“There may be no greater tribute to Steve’s success than the fact that much of the world learned of his passing on a device he invented.” – Barack Obama

“If Steve Jobs were alive, he’d be going to work.” – Bob Lefsetz

“It’s one thing to miss someone, to feel a void when they’re gone. It’s another to do something with their legacy, to honor them through your actions. Steve devoted his professional life to giving us (you, me and a billion other people) the most powerful device ever available to an ordinary person. Everything in our world is different because of the device you’re reading this on.

What are we going to do with it?” – Seth Godin


A new CCC

One of the things I’m most thankful for about spending the last couple years with my Mom and Bob before their passing was spending hours talking to them about their lives.  I wish I would have recorded some of it.

Bob told us of looking for work during the Depression.  FDR was already in and had ramped up the great recovery for the nation.  The best jobs were the ones as part of that recovery; building the great dams, roads, bridges.  And those with the Civilian Conservation Corp building our state and national parks, forest roads and other infrastructure.  Bob got a job in Washington state planting trees.  I don’t know whether the planting was done to reforest clearcutting, a fire, or what, it doesn’t matter.

He talked about having a toe-sack full of seedlings and a kind of a long bladed hoe.  You would take a few steps, whack the hoe into the ground to make a small hole, put a seedling in the hoe, then step on the divot with your other foot – all in one fluid motion; 50-75 men heading up a hill in a line all doing this same dance, the seedlings replenished when their sacks were empty.  They were told the trees would be ready to harvest in about 80 years, right about now in fact.

That was the mindset of that time:  We’re putting men to work now, creating something that our generation will not benefit from, and maybe not even our children but their children.  It’s good for us and it’s good for the country.

How far we’ve gone off course from that kind of mentality.  If it doesn’t work right now, today, then we shouldn’t do it.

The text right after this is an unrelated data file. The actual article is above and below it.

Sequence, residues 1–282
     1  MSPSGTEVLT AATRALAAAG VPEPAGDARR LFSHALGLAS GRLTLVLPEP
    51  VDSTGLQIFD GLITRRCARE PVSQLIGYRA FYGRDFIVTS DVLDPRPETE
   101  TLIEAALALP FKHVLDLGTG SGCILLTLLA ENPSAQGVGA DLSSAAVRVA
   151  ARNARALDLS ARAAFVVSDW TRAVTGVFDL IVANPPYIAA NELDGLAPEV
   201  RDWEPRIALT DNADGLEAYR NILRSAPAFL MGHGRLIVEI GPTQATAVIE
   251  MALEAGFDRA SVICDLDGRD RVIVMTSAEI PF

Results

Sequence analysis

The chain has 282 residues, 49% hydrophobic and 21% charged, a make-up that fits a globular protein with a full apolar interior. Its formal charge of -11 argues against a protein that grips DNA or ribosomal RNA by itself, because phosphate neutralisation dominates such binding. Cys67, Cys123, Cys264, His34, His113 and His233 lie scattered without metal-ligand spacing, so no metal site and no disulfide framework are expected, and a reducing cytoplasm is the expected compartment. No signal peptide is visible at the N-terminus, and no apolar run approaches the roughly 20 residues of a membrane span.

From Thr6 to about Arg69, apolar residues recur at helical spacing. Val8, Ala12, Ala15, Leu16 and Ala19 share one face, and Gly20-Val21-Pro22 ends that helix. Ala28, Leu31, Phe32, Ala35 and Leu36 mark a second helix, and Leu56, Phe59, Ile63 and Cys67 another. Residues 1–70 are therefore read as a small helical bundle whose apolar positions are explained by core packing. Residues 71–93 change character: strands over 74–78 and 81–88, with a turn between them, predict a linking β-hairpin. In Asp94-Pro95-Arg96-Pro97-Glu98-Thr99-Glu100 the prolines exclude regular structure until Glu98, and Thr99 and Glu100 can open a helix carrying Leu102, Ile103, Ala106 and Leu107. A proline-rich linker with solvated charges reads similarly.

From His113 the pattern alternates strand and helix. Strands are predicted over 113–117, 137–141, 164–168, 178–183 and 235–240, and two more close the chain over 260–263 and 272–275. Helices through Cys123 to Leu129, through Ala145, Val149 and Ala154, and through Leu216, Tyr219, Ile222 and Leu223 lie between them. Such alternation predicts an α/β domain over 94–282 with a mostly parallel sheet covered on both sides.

The truth, of course, is that short-term fixes rarely work now or tomorrow.  Why do we keep trying them?

As I drive around Summit County, Colorado, certainly one of the most beautiful places on god’s earth, everywhere you look you see the forest devastated by pine beetles.  In some places 3/4 of the trees are dead.

This year I see there have been some (I assume) US Forest Service crews cutting the dead trees and stacking them in large piles.  This has only been done in a very few areas easily accesible by vehicles.  On the one hand it’s kind of weird to see large acreage devoid of pine trees, with just a few firs, aspens and other non-pines.  On the other it looks like an amazing opportunity to do just what our grandfathers did when they put people to work in the 1930’s.

We need a new CCC.  There are many thousands of men and women ready to build this country back up again.  Let’s put them to work.  One project, of a grand scale but worth every penny, would be to cut the dead trees.  Make biofuel energy from them. Replant new trees.  It’s a multi-year project with both long and short-term benefits.

Why can’t we think big any more?

The Give-A-Shit Button is mostly off, it seems

Seems like a majority of people I run into on a daily basis just don’t give a shit – about their job, about customer service, about doing the right thing, basic courtesy or pretty much everything. Not everyone but most folks. Just this morning I was treated to several examples of this, two in the same store (Academy on Research Blvd); a situation that would make one believe the give-a-shit button is turned off at the management level as well. If you run a business you depend on customers. If your customers do not feel like they matter why should they shop at your store? Seems pretty basic to me but apparently it’s an advanced concept in today’s world.

Buyer’s Remorse

Primary Obama 2012

Man, I’m so disappointed in our President. Obama has proved to be essentially a Trojan Horse – worse than a Republican because he’s given them more than they ever dreamed. What happened to the guy we voted for?  He’s gonna take your Social Security and Medicare; even W couldn’t get that done. Only answer is a primary challenge to Obama with all the vigor we expended getting him elected in 2008. What fools we were.